Edinburgh Festival Fringe theatre reviews: Feeling Afraid as if Something Terrible is Going to Happen | Hiding Anne Frank | Mama Love | Dick | What Keeps You Awake At Night | Kevin Flynn: Fear of Heights

The top picks from our latest round-up of Edinburgh Festival Fringe theatre reviews are a compassionate play about the pain of confessional stand-up comedy, and a powerful piece based on the recollections of the woman who helped Anne Frank’s family to hide from the Nazis. Words by Susan Mansfield and David Pollock.

Feeling Afraid as if Something Terrible is Going to Happen ****

Roundabout @ Summerhall (Venue 26)

In a city which is currently full of stand-up comics, some of whom are working out their issues at the mic, this show is an intriguing proposition: a one-man play in which an actor (Samuel Barnett) plays a stand-up comic with enough issues to fill every inch of the Gilded Balloon. In Marcelo Dos Santos’ turbo-fuelled monologue, brought to the Fringe by the producers of Fleabag and Baby Reindeer, his life and his act flow seamlessly into one another.

Feeling Afraid as if Something Terrible is Going to Happen. PIC: Mihaela Bodlovic

Our nameless protagonist seems to pass his days in a barely contained state of panic. He sees death everywhere, and sabotages his chances of happiness with cocaine-fuelled Grindr hook-ups with strangers. But then he falls in love, with an American working on a PhD who has “arms like a Disney prince” and “John Singer Sargent eyes”. The only drawback is that the American suffers from cataplexy, a rare nerve condition: if he laughs he could actually die.

“Heard the one about the stand-up whose boyfriend can’t laugh?” There are times when it feels as if the show was written in order to work its way up to this kind of gag, but in fact it’s much cleverer and more compassionate than that. The question is, can our hero break out of his cycle of self-sabotage, both personal and professional, and grasp the tender invitation to a real relationship?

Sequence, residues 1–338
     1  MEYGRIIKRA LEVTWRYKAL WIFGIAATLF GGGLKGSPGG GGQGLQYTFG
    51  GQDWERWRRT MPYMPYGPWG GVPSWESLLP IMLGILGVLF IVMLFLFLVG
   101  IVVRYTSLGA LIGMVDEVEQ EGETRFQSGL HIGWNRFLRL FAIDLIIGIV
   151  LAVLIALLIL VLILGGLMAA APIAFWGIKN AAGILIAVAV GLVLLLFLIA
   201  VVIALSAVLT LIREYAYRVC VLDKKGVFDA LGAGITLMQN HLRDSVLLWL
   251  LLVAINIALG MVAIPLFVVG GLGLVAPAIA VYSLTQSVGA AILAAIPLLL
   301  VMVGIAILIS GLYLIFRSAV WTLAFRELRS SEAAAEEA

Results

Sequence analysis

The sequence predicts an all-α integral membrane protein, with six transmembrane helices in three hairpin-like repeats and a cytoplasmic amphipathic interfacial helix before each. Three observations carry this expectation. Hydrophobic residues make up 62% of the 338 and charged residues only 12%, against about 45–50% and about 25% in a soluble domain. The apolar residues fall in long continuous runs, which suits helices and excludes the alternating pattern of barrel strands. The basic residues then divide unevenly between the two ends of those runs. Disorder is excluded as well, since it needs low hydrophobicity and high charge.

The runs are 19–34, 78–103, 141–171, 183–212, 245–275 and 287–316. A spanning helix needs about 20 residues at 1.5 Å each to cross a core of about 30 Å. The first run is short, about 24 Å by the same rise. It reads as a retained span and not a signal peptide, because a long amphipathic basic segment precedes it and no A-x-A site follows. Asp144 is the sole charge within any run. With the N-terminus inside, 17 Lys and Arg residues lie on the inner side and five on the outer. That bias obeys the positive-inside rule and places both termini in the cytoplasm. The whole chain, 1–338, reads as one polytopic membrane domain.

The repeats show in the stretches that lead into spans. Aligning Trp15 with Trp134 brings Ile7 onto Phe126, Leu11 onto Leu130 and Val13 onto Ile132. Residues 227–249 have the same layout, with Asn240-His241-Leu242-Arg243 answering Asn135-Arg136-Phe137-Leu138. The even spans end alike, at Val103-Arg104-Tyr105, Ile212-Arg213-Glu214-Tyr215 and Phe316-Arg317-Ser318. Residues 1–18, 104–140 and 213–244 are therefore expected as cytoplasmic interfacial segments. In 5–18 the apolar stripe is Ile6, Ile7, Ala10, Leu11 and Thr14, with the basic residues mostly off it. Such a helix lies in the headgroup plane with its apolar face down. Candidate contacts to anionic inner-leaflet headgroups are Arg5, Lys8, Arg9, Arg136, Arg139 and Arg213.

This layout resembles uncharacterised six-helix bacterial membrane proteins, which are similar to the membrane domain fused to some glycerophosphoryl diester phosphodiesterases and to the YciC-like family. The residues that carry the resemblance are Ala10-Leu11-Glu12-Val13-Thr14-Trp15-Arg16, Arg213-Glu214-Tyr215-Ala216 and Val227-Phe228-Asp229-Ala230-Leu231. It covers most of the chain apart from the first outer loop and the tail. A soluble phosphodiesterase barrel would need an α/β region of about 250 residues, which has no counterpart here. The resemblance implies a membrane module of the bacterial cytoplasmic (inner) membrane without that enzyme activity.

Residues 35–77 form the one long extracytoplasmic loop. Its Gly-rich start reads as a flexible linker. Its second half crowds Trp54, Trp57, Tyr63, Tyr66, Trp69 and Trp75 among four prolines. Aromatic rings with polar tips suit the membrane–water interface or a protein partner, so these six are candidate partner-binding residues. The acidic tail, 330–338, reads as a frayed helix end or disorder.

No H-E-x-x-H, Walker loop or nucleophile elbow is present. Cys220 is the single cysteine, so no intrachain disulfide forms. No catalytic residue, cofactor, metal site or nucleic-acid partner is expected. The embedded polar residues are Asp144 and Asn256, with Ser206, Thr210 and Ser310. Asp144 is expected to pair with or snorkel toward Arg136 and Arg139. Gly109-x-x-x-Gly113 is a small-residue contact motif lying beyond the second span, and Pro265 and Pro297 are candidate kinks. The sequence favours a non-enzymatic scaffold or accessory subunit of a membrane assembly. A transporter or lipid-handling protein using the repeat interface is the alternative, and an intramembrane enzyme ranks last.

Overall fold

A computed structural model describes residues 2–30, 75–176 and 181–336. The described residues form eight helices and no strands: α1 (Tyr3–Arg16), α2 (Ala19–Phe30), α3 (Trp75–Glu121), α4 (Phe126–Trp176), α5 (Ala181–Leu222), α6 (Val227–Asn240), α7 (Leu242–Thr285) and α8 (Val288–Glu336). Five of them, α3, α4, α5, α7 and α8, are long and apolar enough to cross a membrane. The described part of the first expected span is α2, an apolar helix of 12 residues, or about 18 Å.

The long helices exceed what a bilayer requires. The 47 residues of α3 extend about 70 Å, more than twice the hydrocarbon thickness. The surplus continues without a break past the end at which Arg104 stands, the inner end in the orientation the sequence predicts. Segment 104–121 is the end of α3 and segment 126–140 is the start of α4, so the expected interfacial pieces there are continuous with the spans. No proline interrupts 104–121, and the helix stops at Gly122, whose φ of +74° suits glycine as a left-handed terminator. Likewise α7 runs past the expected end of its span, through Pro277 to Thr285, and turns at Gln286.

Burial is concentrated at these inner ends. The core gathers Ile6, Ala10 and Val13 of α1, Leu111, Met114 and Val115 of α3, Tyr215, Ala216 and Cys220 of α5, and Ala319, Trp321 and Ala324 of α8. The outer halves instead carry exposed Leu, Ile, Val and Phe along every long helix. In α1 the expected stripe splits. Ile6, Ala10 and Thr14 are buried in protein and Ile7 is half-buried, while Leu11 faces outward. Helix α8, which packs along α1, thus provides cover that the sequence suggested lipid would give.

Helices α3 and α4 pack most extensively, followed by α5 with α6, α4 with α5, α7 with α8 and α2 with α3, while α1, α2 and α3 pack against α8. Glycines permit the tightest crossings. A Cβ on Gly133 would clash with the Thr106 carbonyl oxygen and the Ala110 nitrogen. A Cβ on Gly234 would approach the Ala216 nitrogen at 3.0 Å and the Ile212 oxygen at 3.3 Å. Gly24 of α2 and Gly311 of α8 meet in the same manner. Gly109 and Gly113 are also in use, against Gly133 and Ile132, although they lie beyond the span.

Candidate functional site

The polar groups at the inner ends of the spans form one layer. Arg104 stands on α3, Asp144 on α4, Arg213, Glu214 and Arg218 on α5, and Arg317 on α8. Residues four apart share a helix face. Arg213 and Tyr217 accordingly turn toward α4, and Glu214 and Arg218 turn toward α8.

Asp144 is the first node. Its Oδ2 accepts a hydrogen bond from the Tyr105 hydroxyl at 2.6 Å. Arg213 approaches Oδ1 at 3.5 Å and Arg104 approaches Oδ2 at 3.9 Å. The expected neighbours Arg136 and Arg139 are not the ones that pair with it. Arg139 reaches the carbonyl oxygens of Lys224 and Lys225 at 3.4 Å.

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Dos Santos seems to have an intuitive sense of how stand-up is structured, and Barnett, who was one of the original cast of The History Boys, is utterly convincing in his delivery. His character’s razor sharp observations hurtle out at nineteen to the dozen, but he is also self-aware enough to turn his gaze on himself. This isn’t the point, of course, but there are plenty in Edinburgh right now who could learn a trick or two from him. Susan Mansfield

Until 28 August

Hiding Anne Frank ***

RSE Theatre (Venue 431)

In 1996, Miep Gies, then in her eighties, accepted the Oscar for Best Documentary Film for Anne Frank Remembered, along with director Jon Blair. Miep was a secretary in Otto Frank’s office when the family made their decision in 1942 to hide from the Nazis in the “Secret Annex”, and helped them daily for the next two years.

New York-based actress and writer Prudence Wright Holmes chooses this moment for Miep to tell her story. Her one-woman play delivers a lot of information, powerfully conveying the dangers of living in Nazi-occupied Holland in Miep’s unassuming, matter-of-fact voice. When 13-year-old Anne has filled her diary, Miep is the one who buys her a new one.

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While her delivery is understated and occasionally halting, she takes us vividly into the world of the Secret Annex, noting the pressures under which the family lived. By cruel irony, the Nazi raid on the building in 1944 came even as the joyful news of D-Day spread through occupied Europe. While the production isn’t perfect, the power and relevance of the story is as clear as ever. Susan Mansfield

Until 28 August

Mama Love **

Summerhall (Venue 26)

There’s much that’s powerful and heartfelt in Lea Blair Whitcher’s one-person show about birth and new motherhood, which was built around Switzerland’s 2020 vote on whether new fathers should have paternity leave. She simulates the pain of childbirth as a ‘durational performance’ and brings men from the audience onto the stage to help her get things done, but the generally thought-provoking air around the demands on a mother is undone by the structure of her dialogue with the audience.